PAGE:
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Identifying the Maker of an Artwork by Fingerprint Examination

Researchers used micro-computed tomography to examine a statue and discovered the characteristics of the artist

Centrum Wiskunde & Informatica

Centrum Wiskunde & Informatica (CWI) is the national research institute for mathematics and computer science in the Netherlands. CWI conducts pioneering research in mathematics and computer science and transfers new...

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Dzemila Sero, now Migelien Gerritzen Fellow at the Rijksmuseum and former postdoc at the Centrum Wiskunde & Informatica, together with a team of researchers from the Rijksmuseum, Leiden and Cambridge University, examined the terracotta sculpture Study for a Hovering Putto attributed to Laurent Delvaux (1696–1778) and housed in the Rijksmuseum permanent collection.

The methodology and findings were published open access in Science Advances in a paper with title "Artist profiling using micro-CT scanning of a Rijksmuseum terracotta sculpture."

To acquire preserved impressions on the sculpture, researchers used the computed tomography machine located at the FleX-ray Lab.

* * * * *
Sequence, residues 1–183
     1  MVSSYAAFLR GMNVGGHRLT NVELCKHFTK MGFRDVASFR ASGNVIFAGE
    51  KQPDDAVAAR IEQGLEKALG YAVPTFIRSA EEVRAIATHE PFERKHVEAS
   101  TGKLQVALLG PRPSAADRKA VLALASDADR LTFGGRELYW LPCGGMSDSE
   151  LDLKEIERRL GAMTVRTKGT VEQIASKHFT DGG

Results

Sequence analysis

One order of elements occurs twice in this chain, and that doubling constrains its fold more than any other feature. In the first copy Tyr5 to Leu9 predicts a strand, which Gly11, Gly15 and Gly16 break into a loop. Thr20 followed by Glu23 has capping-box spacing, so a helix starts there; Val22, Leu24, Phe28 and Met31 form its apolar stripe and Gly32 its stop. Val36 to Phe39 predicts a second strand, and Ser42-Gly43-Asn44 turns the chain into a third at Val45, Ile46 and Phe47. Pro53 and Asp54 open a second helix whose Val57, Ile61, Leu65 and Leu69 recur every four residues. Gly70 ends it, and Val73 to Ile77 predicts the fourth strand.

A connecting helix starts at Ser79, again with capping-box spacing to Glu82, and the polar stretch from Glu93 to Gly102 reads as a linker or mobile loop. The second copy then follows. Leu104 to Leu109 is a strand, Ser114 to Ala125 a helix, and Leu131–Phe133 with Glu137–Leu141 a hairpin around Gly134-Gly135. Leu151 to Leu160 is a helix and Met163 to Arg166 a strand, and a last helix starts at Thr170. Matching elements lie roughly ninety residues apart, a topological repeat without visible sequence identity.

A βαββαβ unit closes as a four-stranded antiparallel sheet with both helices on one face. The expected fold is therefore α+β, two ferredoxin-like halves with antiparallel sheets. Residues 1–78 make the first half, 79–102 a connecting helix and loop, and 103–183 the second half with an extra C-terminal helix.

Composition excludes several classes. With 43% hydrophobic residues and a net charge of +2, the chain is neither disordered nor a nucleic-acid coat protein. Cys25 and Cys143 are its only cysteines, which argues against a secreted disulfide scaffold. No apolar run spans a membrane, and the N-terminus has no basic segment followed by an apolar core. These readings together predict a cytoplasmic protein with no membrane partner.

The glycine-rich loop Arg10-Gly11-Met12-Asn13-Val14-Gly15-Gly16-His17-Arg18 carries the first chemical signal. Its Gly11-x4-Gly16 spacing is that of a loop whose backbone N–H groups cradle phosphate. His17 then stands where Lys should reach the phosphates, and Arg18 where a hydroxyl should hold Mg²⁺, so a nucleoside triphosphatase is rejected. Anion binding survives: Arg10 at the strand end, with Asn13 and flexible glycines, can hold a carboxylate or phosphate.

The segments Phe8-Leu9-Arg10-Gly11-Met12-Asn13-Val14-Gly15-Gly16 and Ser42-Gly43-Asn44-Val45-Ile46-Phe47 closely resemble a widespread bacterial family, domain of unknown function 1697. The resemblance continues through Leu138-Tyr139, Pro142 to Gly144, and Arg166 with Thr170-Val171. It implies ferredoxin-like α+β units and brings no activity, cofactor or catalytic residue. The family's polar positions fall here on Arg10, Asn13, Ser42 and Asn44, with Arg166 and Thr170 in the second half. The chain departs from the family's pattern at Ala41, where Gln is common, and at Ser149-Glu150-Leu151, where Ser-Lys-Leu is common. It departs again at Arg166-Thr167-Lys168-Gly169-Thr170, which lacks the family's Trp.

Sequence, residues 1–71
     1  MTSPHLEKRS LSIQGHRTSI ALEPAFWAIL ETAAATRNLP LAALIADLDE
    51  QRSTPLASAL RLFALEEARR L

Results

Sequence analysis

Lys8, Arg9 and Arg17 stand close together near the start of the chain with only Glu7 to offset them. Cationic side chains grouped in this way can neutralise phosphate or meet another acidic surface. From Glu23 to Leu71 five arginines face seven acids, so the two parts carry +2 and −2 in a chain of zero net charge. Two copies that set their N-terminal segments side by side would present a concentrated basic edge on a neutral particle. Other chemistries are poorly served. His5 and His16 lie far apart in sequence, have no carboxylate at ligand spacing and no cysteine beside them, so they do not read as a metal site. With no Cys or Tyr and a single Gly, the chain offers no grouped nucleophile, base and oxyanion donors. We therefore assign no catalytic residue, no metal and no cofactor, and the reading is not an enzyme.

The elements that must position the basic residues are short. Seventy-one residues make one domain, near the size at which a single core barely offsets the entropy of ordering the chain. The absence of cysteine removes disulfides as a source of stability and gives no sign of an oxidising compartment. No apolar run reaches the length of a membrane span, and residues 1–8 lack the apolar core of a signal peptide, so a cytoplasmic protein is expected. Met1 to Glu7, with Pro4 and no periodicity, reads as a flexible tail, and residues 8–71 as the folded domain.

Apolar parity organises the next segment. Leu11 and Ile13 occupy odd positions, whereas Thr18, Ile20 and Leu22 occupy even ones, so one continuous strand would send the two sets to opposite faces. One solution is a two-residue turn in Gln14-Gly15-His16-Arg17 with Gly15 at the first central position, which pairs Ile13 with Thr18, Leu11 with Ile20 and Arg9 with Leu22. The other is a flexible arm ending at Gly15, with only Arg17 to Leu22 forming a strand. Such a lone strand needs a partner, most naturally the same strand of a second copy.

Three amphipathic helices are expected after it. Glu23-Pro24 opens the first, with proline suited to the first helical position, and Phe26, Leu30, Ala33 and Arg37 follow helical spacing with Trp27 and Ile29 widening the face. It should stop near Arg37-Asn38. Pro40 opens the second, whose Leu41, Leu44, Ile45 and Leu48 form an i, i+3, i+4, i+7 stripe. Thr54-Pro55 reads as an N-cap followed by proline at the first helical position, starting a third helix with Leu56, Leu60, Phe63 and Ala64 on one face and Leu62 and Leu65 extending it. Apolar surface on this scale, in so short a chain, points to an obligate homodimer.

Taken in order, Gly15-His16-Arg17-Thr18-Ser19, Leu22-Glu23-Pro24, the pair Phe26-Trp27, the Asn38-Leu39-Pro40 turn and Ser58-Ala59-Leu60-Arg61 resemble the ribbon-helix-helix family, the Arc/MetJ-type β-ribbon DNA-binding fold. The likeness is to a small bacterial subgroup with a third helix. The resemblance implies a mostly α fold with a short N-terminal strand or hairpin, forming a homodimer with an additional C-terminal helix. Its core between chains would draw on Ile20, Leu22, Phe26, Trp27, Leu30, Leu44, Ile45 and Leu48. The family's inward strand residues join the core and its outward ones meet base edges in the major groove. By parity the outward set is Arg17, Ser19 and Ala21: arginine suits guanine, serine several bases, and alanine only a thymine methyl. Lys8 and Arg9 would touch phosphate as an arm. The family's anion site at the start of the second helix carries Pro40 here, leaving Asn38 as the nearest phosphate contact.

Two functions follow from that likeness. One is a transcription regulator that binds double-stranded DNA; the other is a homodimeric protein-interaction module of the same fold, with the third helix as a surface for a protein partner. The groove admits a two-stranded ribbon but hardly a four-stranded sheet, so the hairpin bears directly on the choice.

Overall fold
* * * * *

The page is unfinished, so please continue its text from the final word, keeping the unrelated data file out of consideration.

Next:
Sero and her colleagues developed a pipeline to acquire preserved fingerprints and toolmarks on the visible surface of the statue, as well as on its voids hidden from view, using 3D micro-computed tomography. In addition, they implemented methods for quantitatively characterizing these impressions.

The authors estimated that the partial fingerprints of this specific piece of art belong to an adult male. This corresponds with the attribution of the model to Laurent Delvaux. Estimating the age cluster of an artist can be useful in those cases where the master was closely working with young pupils, and more information extracted from surviving marks can add value to artworks by supporting artistic attribution. 

Dzemila Sero initiated this research line when she was a postdoc in the Computational Imaging group at Centrum Wiskunde & Informatica and was part of the Impact4Art project.

The Impact4Art project, conceived by Joost Batenburg (project leader) and Erma Hermens, was financially supported by De Nederlandse Organisatie voor Wetenschappelijk Onderzoek (NWO) and The Netherlands Institute for Conservation+Art+Science+ (NICAS).

Sero later obtained a Migelien Gerritzen Fellowship at the Rijksmuseum to run her own research project “Imaging patterns on terracotta sculptures.” She studies impressions left by artists on artworks from the Rijksmuseum collections, such as human prints, brush strokes, and toolmarks, using high resolution 2D and 3D imaging and advanced computational methods.

- This press release was originally published on the Centrum Wiskunde & Informatica website